Unhappy flows describe exceptions. By identifying the various flows, we more clearly understand the required functionality. A product owner can also more easily decide what is important right now. Perhaps blocking users after three failures is not important because there are only a handful of users in the first version. Or perhaps a reset of passwords can be done by sending an e-mail to a support employee for the time being. Again, by splitting up functionality we can more accurately ask questions about the business value, and make decisions accordingly.
Strategy 4: Split by input options / platform
Many web applications have to support various input options and/or platforms, like desktops, tablets, mobile phones or touchscreens. It may be beneficial to break up large items by their input options. Take a digital Scrum Board for a team:
As team member I want to view the Scrum Board, so I know the status of the sprint
If we consider a common order process in a webshop, we can identify the following steps:
- As team member I want to view the Scrum Board on my desktop, so I know the status of the sprint;
- As team member I want to view the Scrum Board on my mobile phone, so I know the status of the sprint;
- As team member I want to view the Scrum Board on a touchscreen, so I know the status of the sprint;
- As team member I want to view the Scrum Board on a printout, so I know the status of the sprint;
By splitting up large items like this, the product owner can more easily prioritize which input options or platforms are more important. It's probable that a desktop version is sufficient for now, while a mobile version is pushed to a future sprint. Or perhaps the printout can be implemented with a simple PDF capture of the board for now, without having to create a version specifically suited for print.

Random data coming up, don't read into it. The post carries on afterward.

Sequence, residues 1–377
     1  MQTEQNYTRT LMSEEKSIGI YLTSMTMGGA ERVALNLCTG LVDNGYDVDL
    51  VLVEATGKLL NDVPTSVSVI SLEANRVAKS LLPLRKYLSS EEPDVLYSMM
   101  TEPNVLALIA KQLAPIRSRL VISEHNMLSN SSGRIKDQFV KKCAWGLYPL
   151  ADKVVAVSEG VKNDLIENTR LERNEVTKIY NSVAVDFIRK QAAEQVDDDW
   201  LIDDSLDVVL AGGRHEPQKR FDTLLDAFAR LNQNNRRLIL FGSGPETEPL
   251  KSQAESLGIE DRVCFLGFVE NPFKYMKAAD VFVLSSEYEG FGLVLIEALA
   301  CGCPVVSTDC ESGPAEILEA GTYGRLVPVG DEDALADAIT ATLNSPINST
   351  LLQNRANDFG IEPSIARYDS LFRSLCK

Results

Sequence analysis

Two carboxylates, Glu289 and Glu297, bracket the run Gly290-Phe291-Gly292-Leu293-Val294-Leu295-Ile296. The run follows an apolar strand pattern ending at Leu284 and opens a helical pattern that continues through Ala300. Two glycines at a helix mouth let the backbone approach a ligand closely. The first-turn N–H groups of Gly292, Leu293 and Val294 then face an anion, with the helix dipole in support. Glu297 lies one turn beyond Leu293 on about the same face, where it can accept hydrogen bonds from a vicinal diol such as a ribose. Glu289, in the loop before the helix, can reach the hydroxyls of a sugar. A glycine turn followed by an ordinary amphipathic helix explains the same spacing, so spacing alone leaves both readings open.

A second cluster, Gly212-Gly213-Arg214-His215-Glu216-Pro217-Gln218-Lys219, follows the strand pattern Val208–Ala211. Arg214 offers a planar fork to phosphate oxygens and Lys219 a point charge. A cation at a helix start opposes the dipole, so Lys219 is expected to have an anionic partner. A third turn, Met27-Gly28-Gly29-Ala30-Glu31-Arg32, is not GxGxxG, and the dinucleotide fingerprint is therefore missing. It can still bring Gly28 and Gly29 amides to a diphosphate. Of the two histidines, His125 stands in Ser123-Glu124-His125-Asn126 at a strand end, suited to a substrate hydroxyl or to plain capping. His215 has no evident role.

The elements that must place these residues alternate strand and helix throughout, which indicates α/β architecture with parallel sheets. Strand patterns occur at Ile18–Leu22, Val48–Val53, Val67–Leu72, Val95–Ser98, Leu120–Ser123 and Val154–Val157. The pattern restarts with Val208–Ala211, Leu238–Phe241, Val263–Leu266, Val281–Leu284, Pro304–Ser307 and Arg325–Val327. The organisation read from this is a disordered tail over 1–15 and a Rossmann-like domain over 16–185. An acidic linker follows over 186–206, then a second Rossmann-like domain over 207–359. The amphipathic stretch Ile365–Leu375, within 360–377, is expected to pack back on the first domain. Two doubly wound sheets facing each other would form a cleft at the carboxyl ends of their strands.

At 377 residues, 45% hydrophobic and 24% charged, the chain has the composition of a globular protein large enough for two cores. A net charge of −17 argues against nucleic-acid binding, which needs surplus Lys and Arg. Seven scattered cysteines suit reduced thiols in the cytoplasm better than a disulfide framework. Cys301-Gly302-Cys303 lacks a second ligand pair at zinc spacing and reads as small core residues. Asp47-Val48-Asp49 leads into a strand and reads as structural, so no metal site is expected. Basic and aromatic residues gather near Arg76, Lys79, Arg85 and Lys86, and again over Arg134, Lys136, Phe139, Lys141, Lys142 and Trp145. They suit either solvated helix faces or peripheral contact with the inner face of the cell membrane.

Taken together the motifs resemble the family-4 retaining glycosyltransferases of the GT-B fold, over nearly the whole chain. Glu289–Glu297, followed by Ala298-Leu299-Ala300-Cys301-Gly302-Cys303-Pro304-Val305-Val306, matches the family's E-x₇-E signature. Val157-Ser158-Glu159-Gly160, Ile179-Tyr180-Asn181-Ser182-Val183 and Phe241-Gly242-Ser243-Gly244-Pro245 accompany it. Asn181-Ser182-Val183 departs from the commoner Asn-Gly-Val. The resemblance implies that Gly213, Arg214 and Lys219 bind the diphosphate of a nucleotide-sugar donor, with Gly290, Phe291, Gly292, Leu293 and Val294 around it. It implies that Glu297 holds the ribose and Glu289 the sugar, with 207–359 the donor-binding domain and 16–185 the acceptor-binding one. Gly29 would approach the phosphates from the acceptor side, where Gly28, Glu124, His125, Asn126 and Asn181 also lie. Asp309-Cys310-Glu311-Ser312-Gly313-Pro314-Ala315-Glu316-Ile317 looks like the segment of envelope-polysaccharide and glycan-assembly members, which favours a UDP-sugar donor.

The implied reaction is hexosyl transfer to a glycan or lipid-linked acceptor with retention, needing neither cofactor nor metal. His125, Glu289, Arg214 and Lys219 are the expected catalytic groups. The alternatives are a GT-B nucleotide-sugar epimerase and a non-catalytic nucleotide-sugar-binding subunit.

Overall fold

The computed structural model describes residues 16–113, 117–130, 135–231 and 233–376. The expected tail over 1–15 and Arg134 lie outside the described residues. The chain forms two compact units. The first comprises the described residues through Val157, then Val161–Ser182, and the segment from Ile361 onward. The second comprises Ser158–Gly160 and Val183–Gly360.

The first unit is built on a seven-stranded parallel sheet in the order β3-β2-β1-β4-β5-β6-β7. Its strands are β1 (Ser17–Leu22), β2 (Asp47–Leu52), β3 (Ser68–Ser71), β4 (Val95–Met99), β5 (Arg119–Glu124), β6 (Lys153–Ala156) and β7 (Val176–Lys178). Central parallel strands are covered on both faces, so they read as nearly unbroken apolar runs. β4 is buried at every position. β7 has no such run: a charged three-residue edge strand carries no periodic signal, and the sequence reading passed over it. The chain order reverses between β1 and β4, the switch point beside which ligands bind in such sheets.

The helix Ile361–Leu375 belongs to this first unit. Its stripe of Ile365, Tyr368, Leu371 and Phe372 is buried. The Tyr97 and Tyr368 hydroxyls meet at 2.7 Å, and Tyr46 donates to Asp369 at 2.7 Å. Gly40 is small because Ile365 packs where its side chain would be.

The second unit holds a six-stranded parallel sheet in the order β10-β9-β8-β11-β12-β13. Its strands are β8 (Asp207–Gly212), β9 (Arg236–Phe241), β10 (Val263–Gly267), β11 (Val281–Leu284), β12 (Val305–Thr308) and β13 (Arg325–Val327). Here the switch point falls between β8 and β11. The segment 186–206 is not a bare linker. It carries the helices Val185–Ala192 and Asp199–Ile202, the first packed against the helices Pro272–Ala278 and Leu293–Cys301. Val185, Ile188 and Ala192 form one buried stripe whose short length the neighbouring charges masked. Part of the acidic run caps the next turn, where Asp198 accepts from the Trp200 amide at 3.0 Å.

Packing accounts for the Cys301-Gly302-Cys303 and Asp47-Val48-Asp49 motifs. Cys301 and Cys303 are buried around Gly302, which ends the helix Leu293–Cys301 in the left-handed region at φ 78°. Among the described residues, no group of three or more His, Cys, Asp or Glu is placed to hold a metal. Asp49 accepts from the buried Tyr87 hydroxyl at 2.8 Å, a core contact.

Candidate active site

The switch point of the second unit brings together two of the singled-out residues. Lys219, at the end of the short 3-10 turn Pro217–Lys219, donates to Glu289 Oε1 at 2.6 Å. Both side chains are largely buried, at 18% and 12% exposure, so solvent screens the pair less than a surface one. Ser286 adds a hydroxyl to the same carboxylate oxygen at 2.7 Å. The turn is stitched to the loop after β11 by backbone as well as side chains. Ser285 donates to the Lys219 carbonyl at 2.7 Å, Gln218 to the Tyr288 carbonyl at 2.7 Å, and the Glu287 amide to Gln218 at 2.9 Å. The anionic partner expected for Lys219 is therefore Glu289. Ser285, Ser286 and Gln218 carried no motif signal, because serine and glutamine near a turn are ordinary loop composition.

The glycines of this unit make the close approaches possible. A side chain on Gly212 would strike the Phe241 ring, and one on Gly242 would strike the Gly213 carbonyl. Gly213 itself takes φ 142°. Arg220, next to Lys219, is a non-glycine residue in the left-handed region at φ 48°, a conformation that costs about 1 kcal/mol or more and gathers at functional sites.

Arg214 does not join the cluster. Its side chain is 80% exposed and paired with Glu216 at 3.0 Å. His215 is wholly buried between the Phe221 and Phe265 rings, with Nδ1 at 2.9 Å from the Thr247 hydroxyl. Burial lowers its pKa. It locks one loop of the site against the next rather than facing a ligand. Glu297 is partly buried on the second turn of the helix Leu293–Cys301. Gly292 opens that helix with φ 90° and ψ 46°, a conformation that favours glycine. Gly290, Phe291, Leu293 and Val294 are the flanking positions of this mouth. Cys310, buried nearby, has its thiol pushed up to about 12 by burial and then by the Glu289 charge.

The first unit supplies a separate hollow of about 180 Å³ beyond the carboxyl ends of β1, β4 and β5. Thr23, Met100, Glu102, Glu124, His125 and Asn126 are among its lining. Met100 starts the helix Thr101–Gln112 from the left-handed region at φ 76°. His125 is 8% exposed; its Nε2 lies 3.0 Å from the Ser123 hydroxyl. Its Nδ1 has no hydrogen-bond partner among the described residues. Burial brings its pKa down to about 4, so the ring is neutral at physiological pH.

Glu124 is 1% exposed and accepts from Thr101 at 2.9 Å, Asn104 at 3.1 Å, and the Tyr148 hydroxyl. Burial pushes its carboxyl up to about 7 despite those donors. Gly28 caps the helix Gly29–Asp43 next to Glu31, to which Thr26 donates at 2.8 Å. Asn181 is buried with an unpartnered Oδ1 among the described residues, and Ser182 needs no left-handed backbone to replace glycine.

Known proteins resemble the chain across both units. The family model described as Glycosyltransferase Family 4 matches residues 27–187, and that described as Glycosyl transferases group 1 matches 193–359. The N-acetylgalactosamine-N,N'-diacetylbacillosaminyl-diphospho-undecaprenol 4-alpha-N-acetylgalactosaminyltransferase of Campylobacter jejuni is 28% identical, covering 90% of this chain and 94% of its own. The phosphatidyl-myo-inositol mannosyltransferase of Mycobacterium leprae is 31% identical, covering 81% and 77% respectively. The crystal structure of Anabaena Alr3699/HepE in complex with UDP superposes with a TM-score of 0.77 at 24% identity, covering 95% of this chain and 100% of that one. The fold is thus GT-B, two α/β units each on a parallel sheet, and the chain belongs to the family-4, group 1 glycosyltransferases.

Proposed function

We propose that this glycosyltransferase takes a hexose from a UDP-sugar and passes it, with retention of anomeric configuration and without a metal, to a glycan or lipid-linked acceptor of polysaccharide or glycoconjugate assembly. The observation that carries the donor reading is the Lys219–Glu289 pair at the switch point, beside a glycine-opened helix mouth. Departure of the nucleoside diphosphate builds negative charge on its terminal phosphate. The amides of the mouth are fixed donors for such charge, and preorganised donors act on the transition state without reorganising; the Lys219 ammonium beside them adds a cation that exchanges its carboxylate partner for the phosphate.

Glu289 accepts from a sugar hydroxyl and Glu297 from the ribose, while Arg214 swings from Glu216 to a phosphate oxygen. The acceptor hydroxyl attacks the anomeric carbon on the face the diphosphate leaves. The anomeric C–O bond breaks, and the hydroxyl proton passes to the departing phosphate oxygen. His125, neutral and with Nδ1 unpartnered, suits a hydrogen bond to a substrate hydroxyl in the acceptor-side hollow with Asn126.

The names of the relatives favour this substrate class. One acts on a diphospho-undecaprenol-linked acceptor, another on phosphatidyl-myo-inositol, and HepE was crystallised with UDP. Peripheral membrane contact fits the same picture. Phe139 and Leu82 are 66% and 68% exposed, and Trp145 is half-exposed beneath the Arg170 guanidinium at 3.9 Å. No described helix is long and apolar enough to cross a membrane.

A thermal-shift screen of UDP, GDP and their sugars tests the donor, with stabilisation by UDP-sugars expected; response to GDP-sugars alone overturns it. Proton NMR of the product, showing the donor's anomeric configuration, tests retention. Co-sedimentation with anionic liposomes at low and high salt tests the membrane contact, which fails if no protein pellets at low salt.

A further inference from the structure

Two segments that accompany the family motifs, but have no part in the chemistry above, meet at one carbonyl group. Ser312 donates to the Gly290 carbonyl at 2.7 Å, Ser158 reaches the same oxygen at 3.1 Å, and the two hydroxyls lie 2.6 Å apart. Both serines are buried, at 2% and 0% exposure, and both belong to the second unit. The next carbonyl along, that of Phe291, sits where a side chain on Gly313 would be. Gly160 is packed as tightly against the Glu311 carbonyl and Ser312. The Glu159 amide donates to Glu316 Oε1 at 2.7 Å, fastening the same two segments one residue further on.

Strategy 5: Split by datatypes or parameters
Some user stories can be split based on the datatypes they return or the parameters they are supposed to handle. Take, for example, a search function for a webshop:
As customer I want to search for products so I can view and order them;
There are many ways to search for a product. All these potential parameters can be considered and broken up into smaller user stories:
- As customer I want to search for a product by it's product number, so I can quickly find a product that I already know;
- As customer I want to search for products in a pricerange, so that the search results are more relevant;
- As customer I want to search for products by their color, so that the search results are more relevant;
- As customer I want to search for products in a productgroup, so that the search results are more relevant;